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CSS preprocessors for legacy applications

First choice: which CSS preprocessor, Less or Sass?

We chose Sass.

The Sass server side compiler runs on Ruby which is quick and easy to install on Linux, whereas Less is compiled by node. We decided that installing Ruby was the better option.

Setting up the Sass compiler on our live servers and local virtual boxes was a simple three command set up:

sudo yum install ruby

sudo yum install rubygems

sudo su -c “gem install sass”

After installing Sass, we decided that setting up some basic CSS guidelines would be the first step to tidying up our legacy application. The guidelines themselves could be a whole other article, but it’s important to get these set up before starting down the path or implementing your preprocessor, in order to keep your code consistent from the outset.

Next we decided on a file structure. We currently have all our CSS in a single CSS directory. We decided to create a new subdirectory to store the Sass files to then compile into the original parent directory. The current file setup was not appropriate; as with many legacy systems the files had become messy, with unused and duplicate code and file names with no meaning at all (style.css). We decided to follow a similar approach to the bootstrap css framework, splitting elements into files as cleanly as possible, and then defining individual files for special pages which did not confirm.

Finally we started porting the code across. We found that the easiest way to do this was to simply copy and paste code from the CSS files into the relevant Sass files, ensuring that each file compiled (as Sass can compile vanilla CSS).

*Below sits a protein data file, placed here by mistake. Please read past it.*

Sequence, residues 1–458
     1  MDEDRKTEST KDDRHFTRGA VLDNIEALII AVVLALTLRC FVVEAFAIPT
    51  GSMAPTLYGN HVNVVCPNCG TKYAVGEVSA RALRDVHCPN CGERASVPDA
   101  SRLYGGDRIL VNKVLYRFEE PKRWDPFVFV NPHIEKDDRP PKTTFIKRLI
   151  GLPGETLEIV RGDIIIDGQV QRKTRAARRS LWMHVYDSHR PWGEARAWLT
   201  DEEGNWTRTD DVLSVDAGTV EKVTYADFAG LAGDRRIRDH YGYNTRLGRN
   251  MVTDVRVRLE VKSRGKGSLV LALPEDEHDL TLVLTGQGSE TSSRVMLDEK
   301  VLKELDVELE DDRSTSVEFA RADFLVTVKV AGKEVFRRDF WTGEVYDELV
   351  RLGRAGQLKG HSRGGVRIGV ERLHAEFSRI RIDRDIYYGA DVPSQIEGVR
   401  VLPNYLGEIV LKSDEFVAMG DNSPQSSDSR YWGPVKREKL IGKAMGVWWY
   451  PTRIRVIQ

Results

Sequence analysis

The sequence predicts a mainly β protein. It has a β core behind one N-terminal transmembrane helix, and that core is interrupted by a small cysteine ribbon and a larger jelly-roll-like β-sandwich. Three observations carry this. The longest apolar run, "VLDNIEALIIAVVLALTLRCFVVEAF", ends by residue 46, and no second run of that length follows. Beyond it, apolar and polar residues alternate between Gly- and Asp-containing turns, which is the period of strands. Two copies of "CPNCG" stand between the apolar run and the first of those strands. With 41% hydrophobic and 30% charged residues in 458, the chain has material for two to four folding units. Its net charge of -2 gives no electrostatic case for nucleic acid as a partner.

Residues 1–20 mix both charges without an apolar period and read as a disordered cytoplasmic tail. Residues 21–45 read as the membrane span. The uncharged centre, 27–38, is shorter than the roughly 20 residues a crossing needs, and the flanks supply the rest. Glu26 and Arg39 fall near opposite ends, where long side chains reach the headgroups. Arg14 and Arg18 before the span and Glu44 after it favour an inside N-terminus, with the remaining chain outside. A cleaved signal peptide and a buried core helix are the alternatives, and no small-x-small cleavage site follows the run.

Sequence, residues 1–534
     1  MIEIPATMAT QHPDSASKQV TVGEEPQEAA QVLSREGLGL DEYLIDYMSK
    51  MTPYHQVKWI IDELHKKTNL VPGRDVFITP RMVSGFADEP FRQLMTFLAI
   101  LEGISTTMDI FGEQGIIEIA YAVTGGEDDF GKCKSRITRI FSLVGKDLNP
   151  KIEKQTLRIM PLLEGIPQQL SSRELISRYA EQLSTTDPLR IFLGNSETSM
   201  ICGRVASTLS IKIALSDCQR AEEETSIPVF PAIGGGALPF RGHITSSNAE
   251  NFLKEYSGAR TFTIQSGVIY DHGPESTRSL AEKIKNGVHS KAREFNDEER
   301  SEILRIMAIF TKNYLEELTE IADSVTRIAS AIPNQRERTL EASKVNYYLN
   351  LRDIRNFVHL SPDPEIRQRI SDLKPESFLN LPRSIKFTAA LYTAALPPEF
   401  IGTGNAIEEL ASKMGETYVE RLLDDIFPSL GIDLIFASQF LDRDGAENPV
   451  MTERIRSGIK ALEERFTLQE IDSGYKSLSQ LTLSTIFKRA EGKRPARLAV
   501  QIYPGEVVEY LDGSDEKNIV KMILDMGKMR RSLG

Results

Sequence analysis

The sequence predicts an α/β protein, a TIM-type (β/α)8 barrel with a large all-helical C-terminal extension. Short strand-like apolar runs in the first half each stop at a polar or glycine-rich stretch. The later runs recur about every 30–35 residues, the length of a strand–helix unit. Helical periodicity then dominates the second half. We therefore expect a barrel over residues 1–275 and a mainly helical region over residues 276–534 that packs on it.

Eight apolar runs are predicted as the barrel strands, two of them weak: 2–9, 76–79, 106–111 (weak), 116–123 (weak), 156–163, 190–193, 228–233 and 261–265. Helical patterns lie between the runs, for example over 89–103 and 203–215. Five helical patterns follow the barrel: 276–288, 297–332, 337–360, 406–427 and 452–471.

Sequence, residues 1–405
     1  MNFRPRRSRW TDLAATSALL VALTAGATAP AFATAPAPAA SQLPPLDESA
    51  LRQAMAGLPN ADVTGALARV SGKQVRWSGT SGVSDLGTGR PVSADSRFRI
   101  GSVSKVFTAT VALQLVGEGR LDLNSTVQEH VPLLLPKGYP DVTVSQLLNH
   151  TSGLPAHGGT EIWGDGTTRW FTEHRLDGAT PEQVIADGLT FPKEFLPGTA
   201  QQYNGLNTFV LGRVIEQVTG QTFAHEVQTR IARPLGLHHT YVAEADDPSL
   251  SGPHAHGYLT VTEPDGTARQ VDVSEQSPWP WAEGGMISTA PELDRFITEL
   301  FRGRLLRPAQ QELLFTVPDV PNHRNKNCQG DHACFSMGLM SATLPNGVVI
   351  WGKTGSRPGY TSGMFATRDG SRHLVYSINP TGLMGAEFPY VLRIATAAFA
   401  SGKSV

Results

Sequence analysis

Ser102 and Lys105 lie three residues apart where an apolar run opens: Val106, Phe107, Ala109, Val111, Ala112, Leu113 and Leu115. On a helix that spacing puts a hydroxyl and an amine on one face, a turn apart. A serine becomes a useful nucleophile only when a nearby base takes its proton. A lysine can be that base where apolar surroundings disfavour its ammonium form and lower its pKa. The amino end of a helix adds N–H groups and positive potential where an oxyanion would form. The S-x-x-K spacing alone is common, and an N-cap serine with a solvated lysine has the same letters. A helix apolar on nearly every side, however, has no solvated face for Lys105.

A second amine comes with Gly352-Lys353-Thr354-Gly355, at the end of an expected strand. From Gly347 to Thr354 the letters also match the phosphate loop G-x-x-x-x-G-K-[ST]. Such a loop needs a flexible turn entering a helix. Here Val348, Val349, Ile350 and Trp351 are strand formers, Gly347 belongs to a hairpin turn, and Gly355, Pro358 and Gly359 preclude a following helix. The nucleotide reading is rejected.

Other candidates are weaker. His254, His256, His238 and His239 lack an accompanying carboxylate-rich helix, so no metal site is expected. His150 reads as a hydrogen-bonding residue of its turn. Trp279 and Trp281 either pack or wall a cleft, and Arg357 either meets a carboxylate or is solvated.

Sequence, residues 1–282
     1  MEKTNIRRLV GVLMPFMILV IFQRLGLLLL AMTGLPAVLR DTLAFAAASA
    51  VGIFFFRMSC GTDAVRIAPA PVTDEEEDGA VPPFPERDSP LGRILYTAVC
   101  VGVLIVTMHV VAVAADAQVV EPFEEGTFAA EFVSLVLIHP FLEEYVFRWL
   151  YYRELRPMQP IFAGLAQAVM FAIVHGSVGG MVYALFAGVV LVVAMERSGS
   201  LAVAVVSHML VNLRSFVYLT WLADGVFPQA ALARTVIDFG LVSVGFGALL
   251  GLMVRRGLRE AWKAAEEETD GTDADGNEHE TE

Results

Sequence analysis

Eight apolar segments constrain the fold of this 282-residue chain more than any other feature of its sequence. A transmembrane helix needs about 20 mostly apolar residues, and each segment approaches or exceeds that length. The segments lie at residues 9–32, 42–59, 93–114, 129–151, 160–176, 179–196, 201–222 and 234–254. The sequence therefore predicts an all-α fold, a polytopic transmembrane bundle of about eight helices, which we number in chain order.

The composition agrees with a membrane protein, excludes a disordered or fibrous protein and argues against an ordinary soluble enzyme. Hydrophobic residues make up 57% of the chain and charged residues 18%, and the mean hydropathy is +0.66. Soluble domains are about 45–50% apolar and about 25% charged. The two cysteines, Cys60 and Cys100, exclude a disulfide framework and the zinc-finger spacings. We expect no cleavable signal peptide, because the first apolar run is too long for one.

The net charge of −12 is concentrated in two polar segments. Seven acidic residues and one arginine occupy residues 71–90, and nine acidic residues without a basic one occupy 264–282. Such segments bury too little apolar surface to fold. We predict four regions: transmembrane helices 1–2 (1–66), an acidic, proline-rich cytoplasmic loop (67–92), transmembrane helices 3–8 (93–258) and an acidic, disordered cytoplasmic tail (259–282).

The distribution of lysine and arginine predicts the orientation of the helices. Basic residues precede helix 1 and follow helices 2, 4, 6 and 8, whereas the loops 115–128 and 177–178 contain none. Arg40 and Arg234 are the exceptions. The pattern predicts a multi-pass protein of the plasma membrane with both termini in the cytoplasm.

Upon completion of porting all the CSS into Sass, we compiled the entire suite into a single CSS file. This took just over 5 minutes due to the large number of files and the amount of CSS accumulated over time in the system. This is obviously not acceptable for local development, so we decided to compile each file individually into its own CSS file, and load them into the system separately. This meant that only the individual file that was changed required compiling each time and so cut the compilation time down to a few seconds. Far more acceptable.

We then edited our deploy/build script so that when we deploy to live, the script compiles all Sass files together into a master CSS file and then the system uses that single file. This does have the adverse affect of slowing down our deploy process, however the resultant improvements make this a worthwhile exercise.

Once the file had been ported over, we refactored the CSS in compliance with our guidelines, moving any commonly used styles into mixins and putting all commonly used colours and sizes into variables, both having their own file. On completion of each file we would then load the front end, running some quick manual tests and acceptance tests to ensure nothing was broken beyond use.

To prove just how much of an improvement we made using Sass, we compared our previously minified master CSS file which was being generated by bundling all our CSS files together using PHP and our new, compiled, CSS file generated from the Sass compiler. Our previous self compiled CSS file comes out at 118KB. Not too bad.

Our new, compiled CSS file comes out at just 94KB. That’s a saving of 21% (24KB).

Find out more about Sass and Less in this post from HTMLMag

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